11. I haven't tried any self-powered drives (since I don't have any), but I'd be very surprised if there were problems. The designers mentioned at one point that the Touch is designed to be able to supply a bit more than the spec requires if necessary, just in case someone connects a drive which tries to draw too much. FLAC works fine. In the "old days" (SLIMP3 and the oldest Squeezebox), the players could only handle a few formats themselves - SLIMP3 only did MP3, and the first Squeezebox handled WAV and MP3. Nowadays, though, all the players can decode more or less anything onboard. I believe the list for the Touch is MP3, FLAC, OGG Vorbis, WMA, AAC, and WAV/AIFF. TinySC doesn't support transcoding, so a format not on that list won't work unless you're running a separate server, but enough is supported directly that it probably won't be an issue. TinySC isn't a rewrite or a separate codebase; it's just the full SqueezeCenter with a bunch of things disabled / removed to keep the memory footprint down. So the only things that are 'lost' are what's been explicitly mentioned. If you feel like hacking around with the device, you can turn some of those features back on (plugins are pretty easy to re-enable; they just won't be supported officially). Months ago I had an early build which hadn't had the Web interface removed yet, and it was the most glacial interface I had ever seen, so don't hold your breath for that one. For scanning nuances, music services, SB2-and-later device support, synchronization, etc., etc., etc., TinySC should be equivalent to the real thing. The rescan process is, sadly, pretty much the same at the moment. They're worrying on improving new file detection in order to better deal with removable hard drives, so who knows where it'll be by release.
  12. I'm one of the beta testers for both the Touch and the Radio, so hit me up with any questions.
  13. Here's the custom version of the board. http://b.j4cbo.com/temp/gbf2-custom-top.png http://b.j4cbo.com/temp/gbf2-custom-bottom.png http://b.j4cbo.com/temp/gbf2-custom-signal.png http://b.j4cbo.com/temp/gbf2-custom-sch.png Notable differences are: - Most resistors are surface mount. Some are still through-hole, for power and ground plane integrity reasons. According to Marc's dissipation, all the small 0805 resistors dissipate well under 100mW, so there should be no heat issues because of this change. - The rail capacitors near the outputs are rail-to-ground, not rail-to-rail. This lets you use only one type of large capacitor, rather than two different voltages; the net effective rail capacitance should be close to the same. - There is no provision for mounting against an angle bracket. The transistors are right up at the edge of the board, for mounting directly to a heatsink. Note that you may want an external heatspreader anyway. This makes the board somewhat smaller. - There are pads for an onboard relay to select between feedback points. This probably shouldn't be changed while the amplifier is running and headphones are connected. - At the bottom of the board, underneath, is sensing circuitry for monitoring voltage, current, and output servo position. This is connected to pads for an Atmel ATtiny24/44//84 microcontroller. There are no programming headers for the microcontroller; the chip must be preprogrammed or used with a chip clip, such as this. The relay is also connected to the microcontroller. I can help people with this part but only to a very limited degree - don't count on it unless you know someone who can do AVR programming. - Pads for a Dallas Semiconductor digital temperature sensor (DS18B20 / DS1822) - A control bus with connectors on opposite sides of the bottom of the board. This allows for daisy-chaining of multiple boards with common 6-pin headers/connectors. I've tried to make all the changes suggested in the prototyping process to both boards, as applicable, but please let me know if anything looks wrong about it. I'll be sending Gerber files for the original and custom versions to luvdunhill soon.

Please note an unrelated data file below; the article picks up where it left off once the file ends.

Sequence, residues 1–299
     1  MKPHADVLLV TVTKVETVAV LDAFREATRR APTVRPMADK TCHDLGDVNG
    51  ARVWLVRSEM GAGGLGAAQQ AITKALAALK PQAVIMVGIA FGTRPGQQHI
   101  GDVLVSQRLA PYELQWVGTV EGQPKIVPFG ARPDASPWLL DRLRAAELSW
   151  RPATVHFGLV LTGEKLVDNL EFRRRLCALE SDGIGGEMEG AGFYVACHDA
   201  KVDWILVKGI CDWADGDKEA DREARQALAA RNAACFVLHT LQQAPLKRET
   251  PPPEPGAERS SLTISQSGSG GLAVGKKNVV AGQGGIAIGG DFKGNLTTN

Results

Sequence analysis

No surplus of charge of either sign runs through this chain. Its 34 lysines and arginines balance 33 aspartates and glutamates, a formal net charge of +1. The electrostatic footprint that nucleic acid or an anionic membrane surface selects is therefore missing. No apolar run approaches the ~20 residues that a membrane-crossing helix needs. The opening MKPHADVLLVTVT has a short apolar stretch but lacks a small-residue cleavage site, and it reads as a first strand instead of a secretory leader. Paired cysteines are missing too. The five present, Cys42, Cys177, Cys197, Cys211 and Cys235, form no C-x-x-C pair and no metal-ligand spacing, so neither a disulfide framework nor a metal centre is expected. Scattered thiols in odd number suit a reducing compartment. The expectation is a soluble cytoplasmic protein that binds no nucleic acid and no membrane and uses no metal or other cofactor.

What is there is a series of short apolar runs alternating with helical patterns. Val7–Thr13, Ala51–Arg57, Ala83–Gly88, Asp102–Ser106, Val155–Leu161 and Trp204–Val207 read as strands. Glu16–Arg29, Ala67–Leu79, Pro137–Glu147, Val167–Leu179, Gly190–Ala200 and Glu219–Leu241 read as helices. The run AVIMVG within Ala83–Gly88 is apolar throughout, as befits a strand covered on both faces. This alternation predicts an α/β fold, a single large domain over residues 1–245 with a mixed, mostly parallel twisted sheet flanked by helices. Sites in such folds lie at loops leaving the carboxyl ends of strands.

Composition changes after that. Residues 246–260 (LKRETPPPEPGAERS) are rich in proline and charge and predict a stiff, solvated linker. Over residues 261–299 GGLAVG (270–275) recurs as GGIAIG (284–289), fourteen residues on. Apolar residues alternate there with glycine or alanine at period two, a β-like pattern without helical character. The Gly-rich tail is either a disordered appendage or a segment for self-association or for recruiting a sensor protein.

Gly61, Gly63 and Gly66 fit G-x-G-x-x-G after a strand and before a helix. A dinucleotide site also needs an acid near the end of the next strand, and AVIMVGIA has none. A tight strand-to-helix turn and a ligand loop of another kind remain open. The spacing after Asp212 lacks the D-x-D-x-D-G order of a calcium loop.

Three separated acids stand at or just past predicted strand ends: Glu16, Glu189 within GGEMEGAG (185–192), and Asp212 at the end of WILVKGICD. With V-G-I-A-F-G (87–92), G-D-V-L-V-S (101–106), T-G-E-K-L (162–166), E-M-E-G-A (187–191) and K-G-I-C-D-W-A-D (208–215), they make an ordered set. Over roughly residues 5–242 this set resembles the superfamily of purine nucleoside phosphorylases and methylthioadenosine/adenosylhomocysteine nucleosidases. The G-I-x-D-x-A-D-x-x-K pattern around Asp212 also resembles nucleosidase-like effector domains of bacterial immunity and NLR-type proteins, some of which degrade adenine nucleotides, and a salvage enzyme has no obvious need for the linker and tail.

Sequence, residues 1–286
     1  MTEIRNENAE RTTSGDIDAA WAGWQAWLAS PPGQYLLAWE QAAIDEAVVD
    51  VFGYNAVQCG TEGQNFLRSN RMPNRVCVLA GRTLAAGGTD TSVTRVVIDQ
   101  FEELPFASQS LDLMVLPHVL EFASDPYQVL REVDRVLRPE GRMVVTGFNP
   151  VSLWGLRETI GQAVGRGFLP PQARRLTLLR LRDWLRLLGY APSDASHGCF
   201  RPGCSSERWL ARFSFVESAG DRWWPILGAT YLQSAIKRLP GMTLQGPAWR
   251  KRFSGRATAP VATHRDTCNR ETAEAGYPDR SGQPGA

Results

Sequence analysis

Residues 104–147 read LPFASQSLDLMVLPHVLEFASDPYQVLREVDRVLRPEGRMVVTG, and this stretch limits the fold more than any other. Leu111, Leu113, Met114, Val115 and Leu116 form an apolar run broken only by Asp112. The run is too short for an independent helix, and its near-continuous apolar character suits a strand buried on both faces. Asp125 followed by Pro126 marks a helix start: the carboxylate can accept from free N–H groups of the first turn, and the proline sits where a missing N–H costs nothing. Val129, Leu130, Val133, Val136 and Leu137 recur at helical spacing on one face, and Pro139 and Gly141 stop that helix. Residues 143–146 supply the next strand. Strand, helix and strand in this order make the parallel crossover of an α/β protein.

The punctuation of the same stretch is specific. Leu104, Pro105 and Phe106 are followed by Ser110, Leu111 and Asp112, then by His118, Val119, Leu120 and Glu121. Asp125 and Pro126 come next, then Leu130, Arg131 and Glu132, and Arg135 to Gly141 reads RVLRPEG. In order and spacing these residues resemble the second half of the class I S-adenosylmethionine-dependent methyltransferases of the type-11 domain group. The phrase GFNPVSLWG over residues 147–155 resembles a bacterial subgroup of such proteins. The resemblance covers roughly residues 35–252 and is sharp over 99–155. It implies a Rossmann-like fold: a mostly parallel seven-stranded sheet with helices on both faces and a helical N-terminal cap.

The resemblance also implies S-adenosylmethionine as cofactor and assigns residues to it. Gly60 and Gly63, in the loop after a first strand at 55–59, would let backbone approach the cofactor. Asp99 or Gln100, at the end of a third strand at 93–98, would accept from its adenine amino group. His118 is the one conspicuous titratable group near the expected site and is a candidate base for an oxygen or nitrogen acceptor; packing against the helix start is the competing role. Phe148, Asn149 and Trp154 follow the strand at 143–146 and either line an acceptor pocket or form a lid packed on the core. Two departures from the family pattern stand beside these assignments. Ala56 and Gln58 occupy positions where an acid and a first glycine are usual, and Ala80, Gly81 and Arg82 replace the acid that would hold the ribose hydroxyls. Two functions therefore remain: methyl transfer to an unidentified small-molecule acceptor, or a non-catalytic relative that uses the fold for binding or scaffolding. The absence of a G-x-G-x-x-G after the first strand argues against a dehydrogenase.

14. I will be posting details on my version of the board very soon (tonight).
  15. http://b.j4cbo.com/temp/gbf2a.zip
  16. http://b.j4cbo.com/temp/gbf2g-top.png http://b.j4cbo.com/temp/gbf2g-bottom.png http://b.j4cbo.com/temp/gbf2g-signal.png How's that? All the suggestions you made look good to me; if I missed something, it's probably because I forgot, so let me know.
  17. Whoops! Glad that got caught. Thanks.
  18. I think this could be the one... http://b.j4cbo.com/temp/gbf2f-top.png http://b.j4cbo.com/temp/gbf2f-bottom.png http://b.j4cbo.com/temp/gbf2f-signal.png